5 Signs Your Cat Needs to Visit the Vet

//5 Signs Your Cat Needs to Visit the Vet

5 Signs Your Cat Needs to Visit the Vet


Most pet owners recognize emergency circumstances when they absolutely must take their pet to the vet – difficulty breathing, vomiting or consuming toxic substances, for instance. But there are less obvious indications that your pet might have underlying medical issues that need to be dealt with.

Cats in particular are masters at hiding ill health so it becomes even more challenging for pet parents. Throw in their aversion to car travel and it’s too easy to avoid the ‘dreaded’ vet visit and miss an opportunity to tackle important health needs. Don’t forget that preventive care is always the best option. Cats age much faster than humans, so regular check ups with your vet may help weed out potential issues before they become larger, more serious ones. Here are five signs your cat might need to see the vet.

Weight Gain / Loss

It’s estimated that 50% of cats are overweight or obese. While many pet parents take pleasure in overindulging their cat’s appetite, the resulting excess body tissue can put your kitty at risk of a number of serious health issues. These include diabetes, heart, respiratory, and kidney disease. Your vet will be able to advise on feeding schedules and diet-friendly foods to help your feline achieve their optimum weight. Alternatively, if your cat has a sudden weight loss – while maintaining a healthy appetite – this can be indicative of a condition called hyperthyroidism which affects the heart, liver and kidneys.

Though hyperthyroidism is treatable (even curable if caught early enough) it can lead to health complications and potentially death if left undiagnosed.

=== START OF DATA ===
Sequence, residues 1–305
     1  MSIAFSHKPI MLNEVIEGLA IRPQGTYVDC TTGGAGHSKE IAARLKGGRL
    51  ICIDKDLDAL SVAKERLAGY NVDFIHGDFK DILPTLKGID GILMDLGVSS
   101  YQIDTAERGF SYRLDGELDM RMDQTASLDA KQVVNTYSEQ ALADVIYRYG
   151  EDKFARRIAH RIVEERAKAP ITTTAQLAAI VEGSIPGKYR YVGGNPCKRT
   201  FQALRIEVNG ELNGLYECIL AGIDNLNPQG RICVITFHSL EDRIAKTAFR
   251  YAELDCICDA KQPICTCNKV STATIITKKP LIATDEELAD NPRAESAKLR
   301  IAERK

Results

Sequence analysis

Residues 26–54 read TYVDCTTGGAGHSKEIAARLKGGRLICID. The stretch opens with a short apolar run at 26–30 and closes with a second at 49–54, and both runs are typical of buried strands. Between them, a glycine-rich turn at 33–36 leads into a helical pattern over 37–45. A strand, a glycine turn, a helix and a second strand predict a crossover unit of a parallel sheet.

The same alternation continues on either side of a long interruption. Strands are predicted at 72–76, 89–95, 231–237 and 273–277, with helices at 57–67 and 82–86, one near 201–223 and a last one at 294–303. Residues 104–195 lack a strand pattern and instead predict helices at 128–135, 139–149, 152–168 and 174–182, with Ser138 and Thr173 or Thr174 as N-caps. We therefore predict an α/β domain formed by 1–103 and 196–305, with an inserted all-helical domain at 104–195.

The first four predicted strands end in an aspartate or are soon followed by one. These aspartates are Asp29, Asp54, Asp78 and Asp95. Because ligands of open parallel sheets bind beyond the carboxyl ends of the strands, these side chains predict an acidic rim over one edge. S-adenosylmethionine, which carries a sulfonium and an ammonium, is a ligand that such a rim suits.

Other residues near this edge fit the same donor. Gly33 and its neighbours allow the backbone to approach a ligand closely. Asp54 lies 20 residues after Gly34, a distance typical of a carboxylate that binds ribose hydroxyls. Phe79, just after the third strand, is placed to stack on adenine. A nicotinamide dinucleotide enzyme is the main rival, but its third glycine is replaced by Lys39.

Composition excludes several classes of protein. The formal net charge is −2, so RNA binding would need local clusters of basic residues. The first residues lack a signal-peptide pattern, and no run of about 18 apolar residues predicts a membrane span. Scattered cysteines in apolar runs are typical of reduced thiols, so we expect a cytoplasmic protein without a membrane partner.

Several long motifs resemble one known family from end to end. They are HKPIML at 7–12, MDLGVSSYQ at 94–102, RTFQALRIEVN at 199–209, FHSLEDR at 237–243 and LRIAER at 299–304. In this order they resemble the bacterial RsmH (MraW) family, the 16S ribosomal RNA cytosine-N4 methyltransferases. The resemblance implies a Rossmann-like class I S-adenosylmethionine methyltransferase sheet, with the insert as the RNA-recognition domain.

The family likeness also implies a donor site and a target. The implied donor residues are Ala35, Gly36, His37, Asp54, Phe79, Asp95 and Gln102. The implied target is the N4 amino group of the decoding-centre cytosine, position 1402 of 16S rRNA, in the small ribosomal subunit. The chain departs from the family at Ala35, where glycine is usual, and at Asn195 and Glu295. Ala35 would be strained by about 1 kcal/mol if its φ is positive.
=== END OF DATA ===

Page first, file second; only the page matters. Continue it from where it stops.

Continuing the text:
Behavioral Changes

Nobody knows your cat like you. Even subtle changes in behavior – for more than a couple of days – should be considered warning signs. Is your cat hiding more frequently, eating more/less than usual, avoiding grooming, overly lethargic, or walking in a strange manner? Each of these behavioral changes can indicate that something’s up and that you should schedule an appointment with your vet to investigate further.


Missing the Litter Box

When a cat begins peeing in unusual places (i.e. not in their litter box) many pet parents misinterpret this as disobedience. However this could be a sign they are suffering with feline lower urinary tract disease (FLUTD), a common affliction among cats between the ages of 2 – 6 years. Other clinical signs include painful urination and increased grooming around the genital area. If you suspect your kitty is suffering with FLUTD (often associated with cystitis, an inflammation of the bladder) consult your vet who can advise on treatment options as well as dietary and environmental changes to help resolve the issue.

There are of course several reasons for litter box problems which your vet can help determine and resolve accordingly. Important concepts with respect to missing the litter box include the following: 1) diet matters – if your vet prescribes a special diet for your cat because he is having crystals in his urine, then stick with the diet until your vet says it is ok to stop feeding that diet… but keep in mind your pet may need to be on that special diet for the rest of his life, and 2) the equation for litter boxes in multi-cat households is n+1, so a two cat household should have 3 litter boxes, a three cat household should have 4, and so on.